Using Sender Score to Avoid Being a Statistic
If you’ve read the Global Deliverability Benchmark Report, you now know that it’s more difficult than ever to reach the inbox with more commercial email landing in the spam folder than ever before. If you’re not worried about your mails landing in the spam folder, you should be. As DJ Waldow from Waldow Social recently asked, how often do people really check their spam folders for mail they were expecting? In most case, it’s not often at all. If you’re not making it to the inbox, you’re not getting a response, an impression, or even a conversion. Simply put: you’re wasting your time and money. You don’t have to be the 1 in 4 statistic that never reaches the inbox. I’ll explain how you can determine the reasons you’re not reaching the inbox, so you know what to focus your time and efforts on.
One the reasons we are seeing lower inbox placement rates is due to ISPs tightening their spam filtering algorithms. Deliverability can also be a rather confusing topic due to its technical nature, so it can be difficult to determine the exact cause or reason for your mail being blocked or sent to the spam folder. One way to track your email deliverability is through the use of a seed list. If you’re not currently using a seed list-based or reputation-based monitoring system like Return Path’s Mailbox Monitor, you can use Sender Score, a free service, as a way to correlate your inbox placement rates and what issues could be causing it so you can buck the trend of declining inbox placement rates.
Your Sender Score, like a credit score, is a gauge of how your email will be viewed by an ISP and whether or not it should be classified as spam, or be delivered to the inbox. There is clearly a correlation between one’s deliverability rates and Sender Score as you can see in the graphs below for Yahoo and Gmail for the past week.
Sender Scores in the upper segment (81 and greater), consistently have higher inbox rates than any other segment and have inbox placement rates around 80%. Those with Sender Scores in the bottom segment (less than 20), consistently have the lowest inbox placement rates at Gmail and Yahoo which you can see is barely above 0%.
To find out what issues may be preventing you from reaching the inbox at almost any ISP, do the following:
- Log into Mailbox Monitor or Register at SenderScore.org. If you’re creating an account at SenderScore.org for the first time, don’t worry. It’s free and all we ask for is your email address and name.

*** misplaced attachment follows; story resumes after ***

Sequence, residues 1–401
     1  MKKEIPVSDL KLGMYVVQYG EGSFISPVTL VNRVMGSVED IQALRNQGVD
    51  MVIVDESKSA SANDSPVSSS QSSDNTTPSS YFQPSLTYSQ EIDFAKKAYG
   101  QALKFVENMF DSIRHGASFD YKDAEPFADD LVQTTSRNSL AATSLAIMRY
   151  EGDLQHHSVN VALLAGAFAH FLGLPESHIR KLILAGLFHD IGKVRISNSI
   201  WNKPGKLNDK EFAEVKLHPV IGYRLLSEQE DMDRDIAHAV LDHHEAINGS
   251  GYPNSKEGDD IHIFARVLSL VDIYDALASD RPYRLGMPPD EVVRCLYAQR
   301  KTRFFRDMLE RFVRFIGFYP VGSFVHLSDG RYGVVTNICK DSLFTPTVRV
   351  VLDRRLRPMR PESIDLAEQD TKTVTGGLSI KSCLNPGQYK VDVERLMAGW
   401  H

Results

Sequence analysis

- Enter your IP address. Type your IP address in the “IP lookup” box and click on “lookup.” If we have enough data on your IP address you should be able to see your Sender Score. How do you fare when compared to the charts?
- Examine your Reputation Measures. If you scroll down a bit, you’ll see the factors that are influencing your Sender Score. We give each reputation category a score as well with 0 being the worst and 100 being the best. In the example below, you can see there are two main areas this IP address needs to focus on: unknown users and spam traps.
These are individual measures of the reputation for X.X.X.X.
|Unknown Users||Score (0-100)||51|
|Spam Trap Hits||Count||1|
|Last Spam Trap Date||Date||03/01/2012|
4. Fix it. Now comes the hard part of trying to resolve the issues affecting your reputation. If you’re using our tools, you can click on the fix it button in the interface for best practices on how to resolve. If you’re in need of assistance, contact us and we’d be happy to help.
5. Watch the money roll in. If you’ve fixed the issue on your own, bravo! Sit back, relax and watch your emails land in the inbox where they deserve to be. Okay, so sometimes it’s not that easy and may require more help. Feel free to contact us for help if that’s the case.
If you want to know more about Sender Score, our friends at HubSpot wrote a great article about Everything Email Marketers Need to Know about Sender Score.
About Tom Sather
Email data and deliverability expert Tom Sather has worked with top-tier brands to diagnose and solve inbox placement and sender reputation issues as a strategic consultant with Return Path. As the company’s senior director of research, Tom is a frequent speaker and writer on email marketing trends and technology. His most recent analysis of new inbox applications’ effects on consumer behavior was widely cited across leading business media outlets including the Financial Times, Ad Age, and Media Post.